Fluid Controls Ltd is one of the UK’s leading distributors for pressure control

pressure relief valve features

Maintenance of a Boiler’s Pressure Relief Valve

The key to keeping your boiler performing better for longer is to carry out routine basic maintenance, often boiler pressure relief valves can stay in service for up to 30 years when maintained correctly. Here at Fluid Controls we advise carrying out maintenance on your water heater every six months particularly to protect against leakage caused by mineral and corrosion build-up or greater internal system problems.

Your boiler may seem like a big bit of kit – but it’s quite simple to test your boiler’s pressure relief valve, we will help you explore the hows, why, and where’s when tackling the job.

What is a boiler pressure relief valve?

A boiler pressure relief valve can also be known as a safety relief valve – they are used as a safety feature to prevent the build up of pressure and come in many different valve types. The valve works by releasing pressure when levels ever exceed the normal and closes again when the pressure returns to a safer range. 

Why pressure relief valve testing is important

One of the main components to relief valves becoming non operational is the build up of minerals, salt, rust, and corrosion. By testing your valve every six months, you can prevent or find problems sooner which will make issues easier to combat and ensure your boiler performs optimally for the foreseeable future.

Before you test your boiler’s pressure relief valve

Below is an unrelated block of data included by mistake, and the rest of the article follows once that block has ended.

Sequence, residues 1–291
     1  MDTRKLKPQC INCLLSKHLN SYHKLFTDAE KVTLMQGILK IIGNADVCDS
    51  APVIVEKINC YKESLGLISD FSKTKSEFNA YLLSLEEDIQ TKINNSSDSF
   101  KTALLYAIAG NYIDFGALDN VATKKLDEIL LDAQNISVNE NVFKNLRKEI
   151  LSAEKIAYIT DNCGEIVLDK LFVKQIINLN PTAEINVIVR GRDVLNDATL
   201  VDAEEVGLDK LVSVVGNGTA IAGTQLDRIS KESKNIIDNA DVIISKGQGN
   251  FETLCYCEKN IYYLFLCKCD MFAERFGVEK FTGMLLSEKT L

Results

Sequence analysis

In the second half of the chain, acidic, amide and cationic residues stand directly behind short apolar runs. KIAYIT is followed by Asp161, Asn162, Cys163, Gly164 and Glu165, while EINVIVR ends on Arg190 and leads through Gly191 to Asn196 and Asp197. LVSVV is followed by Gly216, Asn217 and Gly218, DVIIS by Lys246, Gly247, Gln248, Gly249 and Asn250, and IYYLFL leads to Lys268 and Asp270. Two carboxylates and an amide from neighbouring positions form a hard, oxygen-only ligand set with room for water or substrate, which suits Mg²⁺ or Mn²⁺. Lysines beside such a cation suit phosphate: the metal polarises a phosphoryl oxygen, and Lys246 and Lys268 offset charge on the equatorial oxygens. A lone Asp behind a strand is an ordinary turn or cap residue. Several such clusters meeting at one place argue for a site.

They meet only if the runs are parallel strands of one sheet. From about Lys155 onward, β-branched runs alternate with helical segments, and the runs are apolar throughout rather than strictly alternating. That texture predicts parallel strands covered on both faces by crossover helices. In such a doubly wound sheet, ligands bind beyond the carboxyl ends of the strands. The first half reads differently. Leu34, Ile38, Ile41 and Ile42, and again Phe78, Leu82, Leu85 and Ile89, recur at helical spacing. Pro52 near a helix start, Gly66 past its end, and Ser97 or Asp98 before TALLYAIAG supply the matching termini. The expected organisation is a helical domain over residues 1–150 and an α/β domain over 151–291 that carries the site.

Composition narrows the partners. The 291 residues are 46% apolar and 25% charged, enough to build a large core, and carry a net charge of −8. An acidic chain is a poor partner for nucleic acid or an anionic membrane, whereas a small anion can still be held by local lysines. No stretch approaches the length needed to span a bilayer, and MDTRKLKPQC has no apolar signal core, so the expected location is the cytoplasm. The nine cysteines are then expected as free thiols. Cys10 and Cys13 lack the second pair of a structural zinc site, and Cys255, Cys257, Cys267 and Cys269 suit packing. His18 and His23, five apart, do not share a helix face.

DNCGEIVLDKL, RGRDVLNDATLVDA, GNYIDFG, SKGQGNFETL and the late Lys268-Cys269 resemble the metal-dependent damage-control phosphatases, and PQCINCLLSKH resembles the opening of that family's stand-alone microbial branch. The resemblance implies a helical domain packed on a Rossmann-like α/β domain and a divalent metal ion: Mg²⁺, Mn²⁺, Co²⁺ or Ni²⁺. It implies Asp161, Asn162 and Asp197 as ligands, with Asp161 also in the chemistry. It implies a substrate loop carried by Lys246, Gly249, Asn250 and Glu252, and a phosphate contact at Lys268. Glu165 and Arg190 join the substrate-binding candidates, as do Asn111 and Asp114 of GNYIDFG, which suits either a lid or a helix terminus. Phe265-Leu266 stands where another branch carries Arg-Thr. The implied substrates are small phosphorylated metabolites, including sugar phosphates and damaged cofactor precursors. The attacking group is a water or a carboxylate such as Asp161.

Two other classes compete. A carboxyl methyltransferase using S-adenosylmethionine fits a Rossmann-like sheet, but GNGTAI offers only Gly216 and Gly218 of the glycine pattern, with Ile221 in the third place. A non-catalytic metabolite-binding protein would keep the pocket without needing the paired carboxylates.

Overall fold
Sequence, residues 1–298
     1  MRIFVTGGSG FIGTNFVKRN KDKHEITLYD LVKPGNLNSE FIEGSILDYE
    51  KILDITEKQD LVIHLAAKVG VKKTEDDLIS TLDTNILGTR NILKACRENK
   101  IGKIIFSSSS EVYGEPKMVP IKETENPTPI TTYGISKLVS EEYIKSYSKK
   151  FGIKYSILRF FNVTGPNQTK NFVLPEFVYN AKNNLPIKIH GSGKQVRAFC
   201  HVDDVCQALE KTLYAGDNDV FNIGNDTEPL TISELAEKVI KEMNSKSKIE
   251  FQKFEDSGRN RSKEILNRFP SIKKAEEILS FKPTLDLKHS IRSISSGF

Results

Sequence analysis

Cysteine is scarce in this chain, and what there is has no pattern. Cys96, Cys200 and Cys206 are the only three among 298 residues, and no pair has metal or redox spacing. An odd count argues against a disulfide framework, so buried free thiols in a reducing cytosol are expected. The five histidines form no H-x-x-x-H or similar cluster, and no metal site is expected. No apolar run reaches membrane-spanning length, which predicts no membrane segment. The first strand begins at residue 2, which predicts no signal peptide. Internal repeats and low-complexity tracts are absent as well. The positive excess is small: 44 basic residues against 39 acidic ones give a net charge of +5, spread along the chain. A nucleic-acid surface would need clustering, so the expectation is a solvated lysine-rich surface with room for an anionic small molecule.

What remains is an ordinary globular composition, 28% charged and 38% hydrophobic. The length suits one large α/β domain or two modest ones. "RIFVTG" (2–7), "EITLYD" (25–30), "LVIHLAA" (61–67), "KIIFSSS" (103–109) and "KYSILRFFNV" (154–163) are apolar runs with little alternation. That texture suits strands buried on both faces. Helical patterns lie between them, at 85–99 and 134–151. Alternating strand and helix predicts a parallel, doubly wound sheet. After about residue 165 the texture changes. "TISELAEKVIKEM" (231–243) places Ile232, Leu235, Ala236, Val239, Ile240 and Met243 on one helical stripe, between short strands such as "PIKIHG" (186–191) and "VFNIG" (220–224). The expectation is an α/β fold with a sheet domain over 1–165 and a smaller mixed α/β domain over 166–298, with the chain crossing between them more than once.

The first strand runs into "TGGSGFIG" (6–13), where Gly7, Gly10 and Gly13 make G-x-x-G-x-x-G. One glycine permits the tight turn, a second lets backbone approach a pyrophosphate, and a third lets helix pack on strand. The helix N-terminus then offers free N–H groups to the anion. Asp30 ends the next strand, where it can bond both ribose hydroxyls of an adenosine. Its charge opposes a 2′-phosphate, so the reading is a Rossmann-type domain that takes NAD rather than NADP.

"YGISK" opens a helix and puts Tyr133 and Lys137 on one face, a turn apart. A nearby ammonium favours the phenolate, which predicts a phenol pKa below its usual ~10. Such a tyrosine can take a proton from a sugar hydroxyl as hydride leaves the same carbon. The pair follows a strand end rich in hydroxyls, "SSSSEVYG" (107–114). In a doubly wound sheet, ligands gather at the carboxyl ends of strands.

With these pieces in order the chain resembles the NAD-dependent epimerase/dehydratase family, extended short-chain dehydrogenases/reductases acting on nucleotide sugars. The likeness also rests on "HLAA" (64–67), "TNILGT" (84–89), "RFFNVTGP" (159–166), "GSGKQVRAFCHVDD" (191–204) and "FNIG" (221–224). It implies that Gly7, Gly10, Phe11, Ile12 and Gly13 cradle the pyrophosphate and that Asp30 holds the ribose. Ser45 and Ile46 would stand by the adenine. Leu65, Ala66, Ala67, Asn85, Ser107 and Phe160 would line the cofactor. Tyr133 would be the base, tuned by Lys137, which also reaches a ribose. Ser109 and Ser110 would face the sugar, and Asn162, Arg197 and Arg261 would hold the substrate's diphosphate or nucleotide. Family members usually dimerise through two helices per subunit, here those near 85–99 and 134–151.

There are a number of factors to look out for when testing your boilers pressure relief valve, aspects you may want to consider are:

  • Pipe length – The pipe leaving the valve should be the same diameter as the exhaust port of the valve.
  • Pipe material – The pipe should be made from a material that is resistant to heat, such as copper. Most boilers will already utilise this material, but if not, it is important to get it updated.
  • Drainpipe direction- The drainpipe should travel slightly downhill, from where the valve starts to where it terminates, finishing between 6-24 inches above the ground.

How to test a boiler’s pressure relief valve

Testing a boiler’s pressure relief valve is extremely simple:

  1. Raise and lower the test lever several times and by doing so, it will lift the brass stem that it’s fastened to. 
  2. Once the lever has come away from the stem, hot water will rush out of the end of the drainpipe. 
  3. If the water flows through the pipe like it should be doing, turn down the water pressure to stop the leak.
  4. Replace the lever and increase the pressure. 

Keep an eye out for – If no water flows through the pipe, or there is just a trickle of water, you will have to take action.

One of the reasons why the valve may not be operating the way it should be is, if debris has been lodged. This may mean that debris is preventing the valve from seating properly. 

The fix – simply operate the test lever several times. If this doesn’t work, you may need to replace the valve.

Pressure relief valves are an important aspect of any machinery where media is being used at high temperatures or pressures. When you routinely check your pressure relief valve you can notice ​​symptoms of other internal problems, quite often a malfunctioning pressure relief valve may indicate a greater problem. Checking allows you to look at the “why” behind possible failure, rather than just replacing the valve in question. Although valves have a good longevity they do sometimes need replacing and we can help! 

Fluid Controls are leading suppliers of pressure relief valves from Parker, suited to industrial applications. Learn more about the work we do or get further information, please contact (0)118 970 2060 or email fluid@fluidcontrols.co.uk.

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